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What is stress urinary incontinence?
Stress Urinary Incontinence (SUI) is the involuntary leakage of urine during activities such as coughing, sneezing, lifting, laughing, or exercising.
It is a common misconception that SUI is a natural part of aging. This is not true. This condition affects at least 10-20% of women, many of whom do not realize that there are simple, effective treatment options available.
SUI can negatively impact women's lives. Pressure to the bladder occurs in many different potential scenarios, thus SUI may limit women's social and personal relationships, as well as limiting physical activity.
What causes stress urinary incontinence?
There are a number of factors which can play a role in developing stress urinary incontinence. These include:
- Pregnancy and vaginal birth
- Chronic cough
- Genetically inherited factors
How is stress urinary incontinence diagnosed?
At your appointment, Cleveland Clinic doctors will ask you questions about the activities which cause leakage and will perform a pelvic exam to determine if you have other complicating conditions such as pelvic organ prolapse. If you are experience other forms of incontinence such as urinary urge incontinence, or feces or gas incontinence, it is important that you mention them to your doctor.
What tests may be performed?
There are several potential tests that your doctor may perform in order to properly diagnose you with stress urinary incontinence or another condition that may cause urine leakage.
- To help with diagnosis your doctor may ask you to cough while you have a comfortably full bladder,
- You may be asked to fill in a bladder diary (otherwise known as a frequency volume chart). Recording how much you drink, as well as the number of times you pass urine and the volume passed each time. A record of the amount of leakage is also kept. Your doctor may recommend urodynamic studies. Urodynamics investigate the bladder's ability to fill and empty and the mechanism or cause of the incontinence.
- A urine test may be performed to look for a urinary tract infection.
All these tests are designed to help plan the best treatment for each individual.
What are the symptoms of stress urinary incontinence?
Stress urinary incontinence is the leakage of urine while the bladder is under increased stress (sneezing, coughing, lifting weights, etc). Many pressure increasing activities that a woman may do happen on a daily basis, thus SUI can lead to emotional distress. However, urinary leakage doesn't necessarily have to happen every time pressure is increased on the bladder.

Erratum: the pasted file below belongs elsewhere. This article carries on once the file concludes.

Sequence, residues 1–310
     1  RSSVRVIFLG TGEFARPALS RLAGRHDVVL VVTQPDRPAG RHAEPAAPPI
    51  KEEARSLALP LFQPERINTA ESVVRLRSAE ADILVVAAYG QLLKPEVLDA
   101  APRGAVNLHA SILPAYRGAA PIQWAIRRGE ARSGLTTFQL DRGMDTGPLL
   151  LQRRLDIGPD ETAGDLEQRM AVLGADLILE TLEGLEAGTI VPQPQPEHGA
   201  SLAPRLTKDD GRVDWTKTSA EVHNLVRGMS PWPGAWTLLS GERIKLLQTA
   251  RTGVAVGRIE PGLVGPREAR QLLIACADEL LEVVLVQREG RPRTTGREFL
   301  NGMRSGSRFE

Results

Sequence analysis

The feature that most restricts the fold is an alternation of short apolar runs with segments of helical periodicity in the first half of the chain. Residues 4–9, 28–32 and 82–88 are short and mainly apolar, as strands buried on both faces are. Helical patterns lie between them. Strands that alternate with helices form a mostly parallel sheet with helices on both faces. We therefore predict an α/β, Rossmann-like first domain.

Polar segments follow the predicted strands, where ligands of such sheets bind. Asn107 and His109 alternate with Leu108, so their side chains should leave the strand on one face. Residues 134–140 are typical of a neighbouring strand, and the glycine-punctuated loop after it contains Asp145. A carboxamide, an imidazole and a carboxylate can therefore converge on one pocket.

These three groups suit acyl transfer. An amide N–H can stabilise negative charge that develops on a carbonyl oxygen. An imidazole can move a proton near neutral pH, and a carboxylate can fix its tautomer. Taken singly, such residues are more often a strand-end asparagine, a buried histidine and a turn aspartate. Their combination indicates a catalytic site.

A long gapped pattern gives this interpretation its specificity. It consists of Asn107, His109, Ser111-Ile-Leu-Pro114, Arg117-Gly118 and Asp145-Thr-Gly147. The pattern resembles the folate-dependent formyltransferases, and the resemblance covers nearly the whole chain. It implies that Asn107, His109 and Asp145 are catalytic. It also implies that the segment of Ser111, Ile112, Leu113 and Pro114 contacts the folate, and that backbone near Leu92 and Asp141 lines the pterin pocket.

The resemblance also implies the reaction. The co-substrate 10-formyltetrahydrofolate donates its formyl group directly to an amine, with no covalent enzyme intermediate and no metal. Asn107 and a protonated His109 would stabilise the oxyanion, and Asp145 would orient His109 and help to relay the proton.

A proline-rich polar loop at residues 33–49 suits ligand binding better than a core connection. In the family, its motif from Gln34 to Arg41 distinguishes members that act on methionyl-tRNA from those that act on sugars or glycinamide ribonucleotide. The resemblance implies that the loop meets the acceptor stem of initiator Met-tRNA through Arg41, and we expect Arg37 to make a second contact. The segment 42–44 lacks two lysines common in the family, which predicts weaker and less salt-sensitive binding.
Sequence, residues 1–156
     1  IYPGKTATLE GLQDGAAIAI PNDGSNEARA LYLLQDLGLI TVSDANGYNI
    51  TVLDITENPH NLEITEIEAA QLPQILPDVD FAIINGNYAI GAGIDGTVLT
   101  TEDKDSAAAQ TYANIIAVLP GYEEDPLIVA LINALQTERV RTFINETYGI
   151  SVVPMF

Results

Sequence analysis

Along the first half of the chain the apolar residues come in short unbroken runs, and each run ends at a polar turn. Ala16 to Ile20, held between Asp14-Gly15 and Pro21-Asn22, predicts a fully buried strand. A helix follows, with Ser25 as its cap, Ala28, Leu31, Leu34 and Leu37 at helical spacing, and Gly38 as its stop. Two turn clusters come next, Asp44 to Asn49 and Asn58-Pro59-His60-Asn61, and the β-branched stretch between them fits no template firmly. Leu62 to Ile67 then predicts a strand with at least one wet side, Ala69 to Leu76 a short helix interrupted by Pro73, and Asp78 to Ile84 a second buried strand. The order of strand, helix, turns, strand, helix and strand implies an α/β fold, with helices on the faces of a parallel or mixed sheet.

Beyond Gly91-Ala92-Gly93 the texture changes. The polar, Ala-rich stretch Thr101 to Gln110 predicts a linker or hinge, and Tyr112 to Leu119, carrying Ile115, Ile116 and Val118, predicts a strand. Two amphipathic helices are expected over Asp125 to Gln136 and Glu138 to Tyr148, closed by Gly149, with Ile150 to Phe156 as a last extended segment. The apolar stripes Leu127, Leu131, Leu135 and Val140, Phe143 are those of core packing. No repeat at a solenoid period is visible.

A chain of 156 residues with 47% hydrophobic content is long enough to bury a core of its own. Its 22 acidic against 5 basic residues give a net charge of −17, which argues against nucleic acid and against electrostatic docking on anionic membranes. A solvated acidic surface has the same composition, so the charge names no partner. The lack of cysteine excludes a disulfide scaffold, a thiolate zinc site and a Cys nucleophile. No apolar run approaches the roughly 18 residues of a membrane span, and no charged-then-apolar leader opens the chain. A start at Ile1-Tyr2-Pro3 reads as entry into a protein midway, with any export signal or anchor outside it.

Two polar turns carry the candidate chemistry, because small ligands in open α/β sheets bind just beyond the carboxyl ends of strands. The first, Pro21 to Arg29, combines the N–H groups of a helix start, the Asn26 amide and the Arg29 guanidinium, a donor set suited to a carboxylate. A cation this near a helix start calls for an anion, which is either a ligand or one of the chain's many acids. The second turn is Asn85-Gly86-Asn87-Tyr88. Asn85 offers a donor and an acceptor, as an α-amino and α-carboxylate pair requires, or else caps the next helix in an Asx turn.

How is stress urinary incontinence treated?
Your physician will advise you on the best options for you, but initially you may be recommended conservative treatment to determine if simple, nonsurgical approaches can resolve the problem.
Modifying everyday life choices to reduce the risk of SUI requires a little planning. The first and easiest recommendation is to drink enough water to pass urine 4 to 6 times per day (for most women this is about 1.5-2 liters or half a gallon). Maintaining weight within a healthy range has been shown to reduce the severity of SUI problems; avoiding causes of constipation and cutting out smoking can also help.
Pelvic floor Exercises
Pelvic floor exercises (PFE) otherwise known as kegel exercises, can be a very effective way of improving symptoms of SUI. Up to 75% of women show an improvement in leakage after PFE training. Like all training, the benefits of pelvic floor exercises are maximized if practice is carried out regularly over a period of time. Maximum benefit usually occurs after 3 to 6 months of regular exercising. You may be referred to a therapist who specializes in teaching PFEs to supervise this. If you have a problem with urge urinary incontinence, your doctor may also advise bladder training exercise.